Environmental Justice

Setting a Course for Environmental Justice

This year, we laid the groundwork for our new initiative to bring Environmental Justice to our communities. It’s no secret that failures of environmental justice disproportionately affect the most vulnerable. Yet, with so many other pressing needs in play, this issue often receives comparatively little attention.

At OnePA, we know that those most heavily impacted are our people. Our communities live in flood-prone areas, downwind from major trash incinerators, and in proximity to shale gas fracking operations and radioactive landfills. Our children suffer from asthma, skin and eye irritation, and rare cancers. As our climate continues to change, our communities will bear the heaviest burden and suffer the harshest consequences. 

Group Photo

Pennsylvania has a long history of fossil fuel development, which has left our communities with a lasting legacy of heavy pollution. Even today, oil and gas companies promote a narrative that frames their industry as a source of job creation, while misrepresenting environmental protection as a path to economic hardship. In fact, the coming Green Economy will bring a host of new, healthier, and more sustainable jobs to our state—as PA’s new Whole Home Repair Program will soon prove. OnePA United is dedicated to changing the narrative about pollution and fighting for a Green New Deal that will lift our communities out of adversity and bring long-awaited environmental justice for all. We will fight to encode environmental protections into law and obtain formal commitments from lawmakers to reduce emissions.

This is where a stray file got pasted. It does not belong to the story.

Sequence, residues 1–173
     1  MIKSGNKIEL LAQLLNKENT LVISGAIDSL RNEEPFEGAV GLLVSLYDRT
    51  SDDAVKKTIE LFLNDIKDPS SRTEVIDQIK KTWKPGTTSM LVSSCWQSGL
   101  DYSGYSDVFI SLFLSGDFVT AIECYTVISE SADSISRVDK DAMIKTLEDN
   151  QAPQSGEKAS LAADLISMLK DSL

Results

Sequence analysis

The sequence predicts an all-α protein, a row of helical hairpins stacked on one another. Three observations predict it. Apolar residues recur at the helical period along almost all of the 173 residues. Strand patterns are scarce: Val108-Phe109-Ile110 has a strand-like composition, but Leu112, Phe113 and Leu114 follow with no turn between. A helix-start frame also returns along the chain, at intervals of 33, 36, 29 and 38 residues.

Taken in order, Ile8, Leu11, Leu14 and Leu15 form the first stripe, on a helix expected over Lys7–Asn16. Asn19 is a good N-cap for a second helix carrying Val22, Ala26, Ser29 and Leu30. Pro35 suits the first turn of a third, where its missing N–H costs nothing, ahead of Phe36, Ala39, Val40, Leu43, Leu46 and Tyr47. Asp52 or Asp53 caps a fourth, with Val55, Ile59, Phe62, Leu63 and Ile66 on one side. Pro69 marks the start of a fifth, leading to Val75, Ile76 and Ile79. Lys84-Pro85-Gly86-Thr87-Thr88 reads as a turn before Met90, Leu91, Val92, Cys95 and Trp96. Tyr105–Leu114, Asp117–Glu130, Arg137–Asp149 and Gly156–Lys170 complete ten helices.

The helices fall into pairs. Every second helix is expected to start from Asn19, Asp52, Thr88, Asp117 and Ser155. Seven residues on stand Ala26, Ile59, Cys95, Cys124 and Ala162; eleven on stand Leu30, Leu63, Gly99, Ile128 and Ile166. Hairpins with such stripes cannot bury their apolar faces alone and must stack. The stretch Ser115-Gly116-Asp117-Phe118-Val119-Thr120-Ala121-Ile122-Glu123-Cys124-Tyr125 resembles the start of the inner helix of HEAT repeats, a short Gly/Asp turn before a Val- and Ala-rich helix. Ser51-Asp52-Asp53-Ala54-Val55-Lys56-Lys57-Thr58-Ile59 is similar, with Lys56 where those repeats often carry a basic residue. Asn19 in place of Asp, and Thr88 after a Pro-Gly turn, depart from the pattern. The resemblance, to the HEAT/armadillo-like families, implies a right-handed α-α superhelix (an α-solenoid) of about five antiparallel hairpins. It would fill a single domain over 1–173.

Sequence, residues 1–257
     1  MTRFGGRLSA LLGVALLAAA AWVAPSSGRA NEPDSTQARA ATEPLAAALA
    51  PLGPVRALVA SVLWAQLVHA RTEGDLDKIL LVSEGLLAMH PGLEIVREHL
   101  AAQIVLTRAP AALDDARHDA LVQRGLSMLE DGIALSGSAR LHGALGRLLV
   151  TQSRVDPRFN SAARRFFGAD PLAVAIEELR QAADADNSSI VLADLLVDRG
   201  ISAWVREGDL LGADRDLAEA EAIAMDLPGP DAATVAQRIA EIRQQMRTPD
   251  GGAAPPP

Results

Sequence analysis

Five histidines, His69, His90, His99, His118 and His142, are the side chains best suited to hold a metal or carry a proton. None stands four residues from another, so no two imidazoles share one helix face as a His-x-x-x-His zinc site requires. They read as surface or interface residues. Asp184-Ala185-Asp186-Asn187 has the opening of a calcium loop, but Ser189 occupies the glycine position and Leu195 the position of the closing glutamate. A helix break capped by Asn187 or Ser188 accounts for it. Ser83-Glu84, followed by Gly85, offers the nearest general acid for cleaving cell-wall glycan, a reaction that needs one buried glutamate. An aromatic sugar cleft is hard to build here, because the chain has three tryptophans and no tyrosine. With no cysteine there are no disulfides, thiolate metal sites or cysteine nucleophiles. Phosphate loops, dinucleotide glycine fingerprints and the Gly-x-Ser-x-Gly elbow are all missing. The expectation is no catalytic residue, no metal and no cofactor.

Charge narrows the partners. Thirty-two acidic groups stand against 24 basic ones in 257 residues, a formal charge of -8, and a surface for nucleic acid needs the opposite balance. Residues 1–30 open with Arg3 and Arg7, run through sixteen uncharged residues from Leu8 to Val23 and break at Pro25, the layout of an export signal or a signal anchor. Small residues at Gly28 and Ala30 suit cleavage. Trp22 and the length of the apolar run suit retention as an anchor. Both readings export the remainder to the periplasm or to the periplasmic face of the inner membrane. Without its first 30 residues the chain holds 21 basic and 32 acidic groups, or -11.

To do that, we must prioritize local narratives centered on low income, environmentally impacted communities. This year, we crafted an initiative to educate our community members on how to become more environmentally conscious, train leaders to confront power, and lobby our elected representatives to commit fully to environmental justice. We developed a strategy to train working people to testify about their personal experiences with undrinkable water, childhood asthma, and cancers. In the year ahead, we will implement this plan. The tools we have created will empower impacted community members to tell their stories and ensure that good, family-sustaining green jobs become the lifeblood of our communities.